Mark Twain’s The Prince and the Pauper: A Discussion Guide

Nancy Garden’s Annie on My Mind: A Discussion Guide

Nicholas Sparks’ A Walk to Remember: A Discussion Guide

Virgil, “The Fall of Troy”: A Discussion Guide

Virgil’s Aeneid: A Discussion Guide

Voltaire’s Candide: A Discussion Guide

William Shakespeare’s 1 Henry IV: A Discussion Guide

William Shakespeare’s Macbeth: A Discussion Guide

William Shakespeare’s A Midsummer Night’s Dream: A Discussion Guide

William Shakespeare’s Romeo and Juliet: A Discussion Guide

William Sleator’s Oddballs: A Discussion Guide



The Kindest People Who Do Good Deeds: Volume 1

The Kindest People Who Do Good Deeds: Volume 2

The Kindest People Who Do Good Deeds: Volume 3

The Kindest People Who Do Good Deeds: Volume 4

The Kindest People Who Do Good Deeds: Volume 5

The Kindest People Who Do Good Deeds: Volume 6

The Kindest People Who Do Good Deeds: Volume 7


You’ve Got to Be Kind: Volume 1

You’ve Got to Be Kind: Volume 2

You’ve Got to Be Kind: Volume 3

You’ve Got to Be Kind: Volume 4

You’ve Got to Be Kind: Volume 5

You’ve Got to Be Kind: Volume 6

You’ve Got to Be Kind: Volume 7


The Kindest People: Be Excellent to Each Other (Volume 1)

The Kindest People: Be Excellent to Each Other (Volume 2)

The Kindest People: Be Excellent to Each Other (Volume 3)

The Kindest People: Be Excellent to Each Other (Volume 4)

The Kindest People: Be Excellent to Each Other (Volume 5)

The Kindest People: Be Excellent to Each Other (Volume 6)

The Kindest People: Be Excellent to Each Other (Volume 7)


The Kindest People: Heroes and Good Samaritans (Volume 1)

The Kindest People: Heroes and Good Samaritans (Volume 2)

The Kindest People: Heroes and Good Samaritans (Volume 3)

The Kindest People: Heroes and Good Samaritans (Volume 4)

The Kindest People: Heroes and Good Samaritans (Volume 5)

The Kindest People: Heroes and Good Samaritans (Volume 6)

The Kindest People: Heroes and Good Samaritans (Volume 7)



Composition Project: Writing an Autobiographical Essay

Composition Project: Writing a Hero-of-Human-Rights Essay

Composition Project: Writing a Problem-Solving Letter


How to Teach the Autobiographical Essay Composition Project in 9 Classes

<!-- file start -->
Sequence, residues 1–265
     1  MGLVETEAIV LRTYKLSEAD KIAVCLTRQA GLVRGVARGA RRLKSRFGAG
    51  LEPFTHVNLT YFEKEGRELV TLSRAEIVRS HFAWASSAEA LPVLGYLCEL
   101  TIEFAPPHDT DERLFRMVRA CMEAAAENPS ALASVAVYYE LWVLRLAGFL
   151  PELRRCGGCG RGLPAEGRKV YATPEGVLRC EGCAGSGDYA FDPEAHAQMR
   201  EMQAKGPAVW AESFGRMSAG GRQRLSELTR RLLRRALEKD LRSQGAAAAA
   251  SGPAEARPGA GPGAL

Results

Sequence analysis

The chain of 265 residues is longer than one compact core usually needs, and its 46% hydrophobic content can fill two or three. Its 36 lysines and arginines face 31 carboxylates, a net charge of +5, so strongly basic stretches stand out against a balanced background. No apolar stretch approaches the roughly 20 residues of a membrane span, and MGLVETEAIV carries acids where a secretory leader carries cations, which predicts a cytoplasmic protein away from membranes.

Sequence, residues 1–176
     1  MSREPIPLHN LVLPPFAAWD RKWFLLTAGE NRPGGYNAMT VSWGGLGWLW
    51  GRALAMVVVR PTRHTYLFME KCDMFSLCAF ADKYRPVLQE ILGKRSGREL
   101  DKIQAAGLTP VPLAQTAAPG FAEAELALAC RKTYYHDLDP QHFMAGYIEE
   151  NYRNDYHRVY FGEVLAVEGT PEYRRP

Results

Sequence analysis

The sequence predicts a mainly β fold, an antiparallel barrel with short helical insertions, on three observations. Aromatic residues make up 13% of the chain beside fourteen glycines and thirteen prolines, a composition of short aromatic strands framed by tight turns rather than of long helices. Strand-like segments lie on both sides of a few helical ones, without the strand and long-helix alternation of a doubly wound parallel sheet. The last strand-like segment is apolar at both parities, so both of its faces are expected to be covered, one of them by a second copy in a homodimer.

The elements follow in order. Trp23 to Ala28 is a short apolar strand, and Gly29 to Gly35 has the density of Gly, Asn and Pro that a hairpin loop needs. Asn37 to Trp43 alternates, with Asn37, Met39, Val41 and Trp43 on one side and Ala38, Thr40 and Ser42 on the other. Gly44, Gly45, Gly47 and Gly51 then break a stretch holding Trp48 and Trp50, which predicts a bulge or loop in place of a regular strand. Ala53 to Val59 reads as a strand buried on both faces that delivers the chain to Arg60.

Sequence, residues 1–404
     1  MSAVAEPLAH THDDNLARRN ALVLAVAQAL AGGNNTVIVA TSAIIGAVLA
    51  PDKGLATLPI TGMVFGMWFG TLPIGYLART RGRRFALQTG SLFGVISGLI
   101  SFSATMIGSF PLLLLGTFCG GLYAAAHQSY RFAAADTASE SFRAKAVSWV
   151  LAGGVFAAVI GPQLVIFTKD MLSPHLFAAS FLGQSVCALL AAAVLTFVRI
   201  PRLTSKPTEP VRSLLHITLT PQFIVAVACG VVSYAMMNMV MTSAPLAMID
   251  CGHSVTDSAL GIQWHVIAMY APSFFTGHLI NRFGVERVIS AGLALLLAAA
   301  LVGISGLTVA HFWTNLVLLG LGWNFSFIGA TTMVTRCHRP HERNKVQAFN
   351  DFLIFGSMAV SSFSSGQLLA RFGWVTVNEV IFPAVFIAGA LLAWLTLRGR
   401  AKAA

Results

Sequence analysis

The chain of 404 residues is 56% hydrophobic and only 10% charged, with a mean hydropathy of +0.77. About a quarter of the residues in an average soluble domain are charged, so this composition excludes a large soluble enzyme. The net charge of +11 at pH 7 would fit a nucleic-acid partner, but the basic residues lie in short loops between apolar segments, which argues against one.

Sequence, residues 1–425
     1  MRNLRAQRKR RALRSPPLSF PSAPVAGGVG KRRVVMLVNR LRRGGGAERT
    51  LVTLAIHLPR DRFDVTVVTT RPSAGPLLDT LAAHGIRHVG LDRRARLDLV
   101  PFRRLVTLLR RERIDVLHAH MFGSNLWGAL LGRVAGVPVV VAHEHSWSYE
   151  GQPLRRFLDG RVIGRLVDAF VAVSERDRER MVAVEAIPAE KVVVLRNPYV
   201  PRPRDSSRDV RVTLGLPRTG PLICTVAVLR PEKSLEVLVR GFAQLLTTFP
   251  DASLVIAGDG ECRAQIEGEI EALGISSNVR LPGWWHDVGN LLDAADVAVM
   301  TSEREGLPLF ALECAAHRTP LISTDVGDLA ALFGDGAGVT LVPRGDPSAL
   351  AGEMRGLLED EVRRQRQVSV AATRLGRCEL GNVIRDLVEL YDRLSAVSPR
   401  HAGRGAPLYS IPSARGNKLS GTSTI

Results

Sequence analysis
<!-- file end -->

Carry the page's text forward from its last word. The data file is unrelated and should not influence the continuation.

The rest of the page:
IT’S A WONDERFUL WORLD SERIES (Stories and Anecdotes and Opinions)

It’s a Wonderful World: Volumes 1-7



The Relationship Books (Volume 1-8)

BE KIND AND BE USEFUL SERIES (Stories and Anecdotes and Opinions)

Be Kind and Be Useful: Volumes 1-5)



Bruce’s Music Recommendations: Volumes 1-8

Bruce’s Music Recommendations: Volumes 1-9


davidbruceblog #1


davidbruceblog #2

davidbruceblog #3

davidbruceblog #4

David Bruce Books: Free PDFs

davidbrucebooks: EDUCATE YOURSELF

Anecdotes, Arts, Books, and Music

George Peele: English Dramatist

David Bruce’s Books at Blogspot

David Bruce’s Books at WIX

David Bruce’s Books at Smashwords 


David Bruce’s Books at Apple Books

David Bruce’s Books at Kobo 

David Bruce’s Books at Barnes and Noble

Teaching Stuff

How to Teach the Autobiographical Essay Composition Project in 9 Classes

William Sleator’s Oddballs: A Discussion Guide

Composition Project: Writing a Problem-Solving Letter

Composition Project: Writing a Hero-of-Human-Rights Essay

Composition Project: Writing an Argument Paper with Research

Composition Project: Writing an Employee Manual

Composition Project: Writing an Evaluation or Review

Composition Project: Writing a Famous-Plagiarist/Fabulist Report

How Do I Write a Resume, List of References, and Job-Application Letter

How Do I Write Humor and Satire?

Composition Project: The Set of Instructions

Composition Project: Writing a Manual

Composition Project: Writing a Media Opinion Essay

Composition Project: Interview About On-the-Job Writing

Composition Project: Writing a Progress Report

How Do I Write the Introductory Memo Assignment?

How to Teach the Argument Paper Composition Project in 10 Classes

How to Teach the Famous-Plagiarist Research Report Composition Project in 8 Classes

How to Teach the Manual Composition Project in 8 Classes

How to Teach the Resume, Job-Application Letter, and List of References Composition  Project in 6 Classes

Free Writing Handouts with Anecdotes: Volume 1

Free Writing Handouts with Anecdotes: Volume 2

Free Writing Handouts with Anecdotes:  Volume 3




davidbrucehaiku #1 through #10 (Free PDFs)

davidbrucehaiku #11

davidbrucehaiku #12

davidbrucehaiku #13

davidbrucehaiku #14

davidbrucehaiku #15

davidbrucehaiku #16